You are on page 1of 2

Diffusion of gases ammonia and hydrogen chloride

Concentrated ammonia solution is placed on a pad in one end of a tube and concentrated hydrochloric acid on a pad at the
other. After about a minute the gases diffuse far enough to meet and a ring of solid ammonium chloride is formed.

Lesson organisation
This demonstration is best performed in a fume cupboard. A black background, such as a sheet of black sugar paper, behind the
demonstration helps the white ring to be seen more clearly. Actually performing the demonstration takes only a few minutes.

Apparatus Chemicals
For one demonstration: Concentrated hydrochloric acid
Eye protection (goggles) (CORROSIVE), a few cm3 (Note
Access to a fume cupboard 2)
Protective gloves, preferably 880 ammonia solution
A length of glass tube about FOR THE ENVIRONMENT), a few
half a metre long with an inside cm3 (Note 2)
diameter of about 2 cm (Note 1) Acetone (FLAMMABLE), a few
Retort stands with bosses and cm3 (optional) (Note 1)
clamps, 2 Refer to Health & Safety and
Small wads of cotton wool, 2 Technical notes section below
Bungs, to fit into the ends of for additional information.
the glass tube, 2
Strip of universal indicator
paper (optional)

Health &Safety and Technical notes

Read our standard health &safety guidance
The demonstrator should wear goggles and protective gloves.

Concentrated hydrochloric acid, HCl(aq), (CORROSIVE) - see CLEAPSS Hazcard. Produces hydrogen chloride gas, HCl(g),

880 ammonia solution, NH3(aq), (CORROSIVE, DANGEROUS FOR THE ENVIRONMENT) - see CLEAPSS Hazcard. Produces
ammonia gas, NH3(g), (TOXIC) - see CLEAPSS Hazcard. Care should be taken when opening the bottle of ammonia solution,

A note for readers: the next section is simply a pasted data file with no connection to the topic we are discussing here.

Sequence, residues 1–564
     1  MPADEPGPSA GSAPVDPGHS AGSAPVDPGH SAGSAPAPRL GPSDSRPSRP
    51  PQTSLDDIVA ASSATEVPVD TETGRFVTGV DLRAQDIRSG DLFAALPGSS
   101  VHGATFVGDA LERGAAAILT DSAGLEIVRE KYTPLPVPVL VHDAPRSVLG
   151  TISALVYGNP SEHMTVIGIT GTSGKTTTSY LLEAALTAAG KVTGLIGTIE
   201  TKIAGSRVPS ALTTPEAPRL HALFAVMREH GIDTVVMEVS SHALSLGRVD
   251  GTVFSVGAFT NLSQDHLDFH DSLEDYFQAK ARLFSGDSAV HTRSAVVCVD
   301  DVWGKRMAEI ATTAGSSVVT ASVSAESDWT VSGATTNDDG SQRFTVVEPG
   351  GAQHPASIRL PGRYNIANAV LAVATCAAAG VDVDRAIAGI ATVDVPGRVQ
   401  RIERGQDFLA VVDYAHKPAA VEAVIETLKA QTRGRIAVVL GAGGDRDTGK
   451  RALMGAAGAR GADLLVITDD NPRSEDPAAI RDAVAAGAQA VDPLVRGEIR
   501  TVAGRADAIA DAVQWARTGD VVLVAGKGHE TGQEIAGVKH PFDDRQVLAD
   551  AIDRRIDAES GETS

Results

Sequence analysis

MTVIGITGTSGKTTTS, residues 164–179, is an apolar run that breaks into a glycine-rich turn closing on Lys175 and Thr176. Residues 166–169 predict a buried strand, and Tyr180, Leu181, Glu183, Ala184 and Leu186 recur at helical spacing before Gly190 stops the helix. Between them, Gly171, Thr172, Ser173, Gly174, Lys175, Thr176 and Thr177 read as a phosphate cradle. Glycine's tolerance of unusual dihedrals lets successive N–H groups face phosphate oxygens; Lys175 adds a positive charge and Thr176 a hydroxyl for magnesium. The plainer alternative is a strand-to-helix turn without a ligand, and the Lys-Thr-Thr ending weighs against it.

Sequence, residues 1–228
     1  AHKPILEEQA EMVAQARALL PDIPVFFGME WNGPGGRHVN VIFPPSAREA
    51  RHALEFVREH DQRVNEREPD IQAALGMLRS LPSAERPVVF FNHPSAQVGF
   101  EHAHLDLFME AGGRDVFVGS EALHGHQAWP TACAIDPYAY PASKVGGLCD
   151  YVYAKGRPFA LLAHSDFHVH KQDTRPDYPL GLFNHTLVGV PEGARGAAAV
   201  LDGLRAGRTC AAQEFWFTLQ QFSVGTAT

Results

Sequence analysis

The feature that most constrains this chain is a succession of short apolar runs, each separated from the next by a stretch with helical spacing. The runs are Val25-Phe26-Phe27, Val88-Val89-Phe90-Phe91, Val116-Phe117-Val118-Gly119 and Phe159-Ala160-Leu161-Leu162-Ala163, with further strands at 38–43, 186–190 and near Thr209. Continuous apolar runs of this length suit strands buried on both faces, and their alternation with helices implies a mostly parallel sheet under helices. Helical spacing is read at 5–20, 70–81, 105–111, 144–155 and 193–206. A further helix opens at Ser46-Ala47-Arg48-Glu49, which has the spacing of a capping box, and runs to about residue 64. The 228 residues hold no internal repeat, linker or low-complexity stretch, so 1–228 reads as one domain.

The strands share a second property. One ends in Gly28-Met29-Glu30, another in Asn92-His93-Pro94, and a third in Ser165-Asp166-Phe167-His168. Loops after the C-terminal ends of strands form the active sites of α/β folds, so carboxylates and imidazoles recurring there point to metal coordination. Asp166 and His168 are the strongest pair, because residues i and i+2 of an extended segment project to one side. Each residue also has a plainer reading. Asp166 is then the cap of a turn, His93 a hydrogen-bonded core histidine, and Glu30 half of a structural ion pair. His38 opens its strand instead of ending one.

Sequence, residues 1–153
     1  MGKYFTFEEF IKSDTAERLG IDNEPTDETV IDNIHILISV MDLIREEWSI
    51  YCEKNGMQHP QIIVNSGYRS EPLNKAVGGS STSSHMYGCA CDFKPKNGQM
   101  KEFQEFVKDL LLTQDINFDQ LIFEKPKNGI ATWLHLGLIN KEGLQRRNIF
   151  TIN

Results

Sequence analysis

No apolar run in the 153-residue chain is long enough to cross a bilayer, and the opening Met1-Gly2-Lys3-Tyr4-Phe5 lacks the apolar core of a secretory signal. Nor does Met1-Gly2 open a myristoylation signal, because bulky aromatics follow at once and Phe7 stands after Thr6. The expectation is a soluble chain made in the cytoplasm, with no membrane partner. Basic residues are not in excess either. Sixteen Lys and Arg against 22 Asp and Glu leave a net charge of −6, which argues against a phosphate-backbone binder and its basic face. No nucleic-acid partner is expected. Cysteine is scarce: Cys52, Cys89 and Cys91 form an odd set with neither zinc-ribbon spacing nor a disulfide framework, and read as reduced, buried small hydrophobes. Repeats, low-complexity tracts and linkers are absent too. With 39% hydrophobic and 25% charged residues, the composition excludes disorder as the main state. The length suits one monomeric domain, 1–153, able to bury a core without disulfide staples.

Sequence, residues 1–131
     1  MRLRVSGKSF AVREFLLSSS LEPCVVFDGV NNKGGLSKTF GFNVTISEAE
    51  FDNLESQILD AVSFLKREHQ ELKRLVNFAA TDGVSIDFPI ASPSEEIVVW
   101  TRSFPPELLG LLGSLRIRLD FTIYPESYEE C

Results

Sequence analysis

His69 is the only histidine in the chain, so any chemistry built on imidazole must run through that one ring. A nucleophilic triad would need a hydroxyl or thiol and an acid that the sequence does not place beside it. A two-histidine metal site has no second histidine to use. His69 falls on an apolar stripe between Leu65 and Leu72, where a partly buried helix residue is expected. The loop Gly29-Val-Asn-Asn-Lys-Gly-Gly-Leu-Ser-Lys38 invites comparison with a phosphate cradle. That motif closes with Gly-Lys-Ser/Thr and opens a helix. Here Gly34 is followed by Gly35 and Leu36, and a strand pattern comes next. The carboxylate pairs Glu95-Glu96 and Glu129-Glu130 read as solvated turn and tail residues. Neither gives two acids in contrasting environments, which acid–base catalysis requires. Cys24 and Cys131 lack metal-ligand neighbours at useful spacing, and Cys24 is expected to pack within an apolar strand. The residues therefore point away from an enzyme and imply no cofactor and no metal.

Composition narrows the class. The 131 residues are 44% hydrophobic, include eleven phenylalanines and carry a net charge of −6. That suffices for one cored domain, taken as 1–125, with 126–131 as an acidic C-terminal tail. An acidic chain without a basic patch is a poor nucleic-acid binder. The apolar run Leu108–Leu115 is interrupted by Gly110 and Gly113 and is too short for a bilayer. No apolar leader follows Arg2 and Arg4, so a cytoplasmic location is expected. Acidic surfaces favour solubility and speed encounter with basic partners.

particularly on hot days when pressure can build up in the bottle. If the bottle of ammonia is kept for a long time, its concentration
may decrease which will lessen the effectiveness of the demonstration.

1 It is very important that the tube is clean and completely dry for this experiment. If necessary, the tube can be dried by pushing
a cotton wool pad soaked in acteone through the tube and leaving it for a few minutes.

2 The concentrated hydrochloric acid and the 880 ammonia solution are easier to handle in small bottles than in Winchesters
(large bottles) for this demonstration.

a Working in the fume cupboard, clamp the glass tube at either end, ensuring that it is horizontal.

b Open the bottle of ammonia solution cautiously, pointing the bottle away from both you and the audience. Open the bottle of
hydrochloric acid and hold the stopper near the mouth of the ammonia bottle. Note the white clouds of ammonium chloride that

c Put one of the cotton wool wads in the mouth of the ammonia bottle and carefully invert it to soak one side of it. Push the
soaked end into one end of the glass tube. Replace the lid on the bottle.

d Repeat this procedure quickly with a second wad of cotton wool and hydrochloric acid. Put the cotton wool wad into the other
end of the glass tube.

e Putting bungs into the ends of the glass tube will reduce the quantity of the gases which escape and therefore the smell. Once
assembled, the tube can be removed from the fume cupboard.

f Watch the tube and observe a ring of white powder forming near the middle of the tube. This is ammonium chloride.

Teaching notes
The reaction which is taking place is:

ammonia + hydrogen chloride ammonium chloride

NH3 (g) + HCl (g) NH4Cl (s)

The exact time taken for the ring to form will depend on the dimensions of the tube, the amount of the solutions which are put on
the cotton wool wads and the temperature of the room.

The ring usually forms nearer to the hydrochloric acid end of the tube because hydrogen chloride diffuses more slowly than
ammonia. This is because hydrogen chloride has almost twice the molecular weight of ammonia, and the rate of diffusion is
inversely proportional to the square root of the molecular mass of the gas.

It is worth noting that the rate of diffusion is not the same as the speed at which the gas molecules travel (which is hundreds of
meters per second). The gas molecules follow a zig-zag path through the tube as they collide with the air molecules in the tube.

The purpose of the glass tube is to eliminate air currents and to see if the gas molecules will move on their own.

Health &Safety checked, 2016

This Practical Chemistry resource was developed by the Nuffield Foundation and the Royal Society of Chemistry.

Nuffield Foundation and the Royal Society of Chemistry

Page last updated October 2015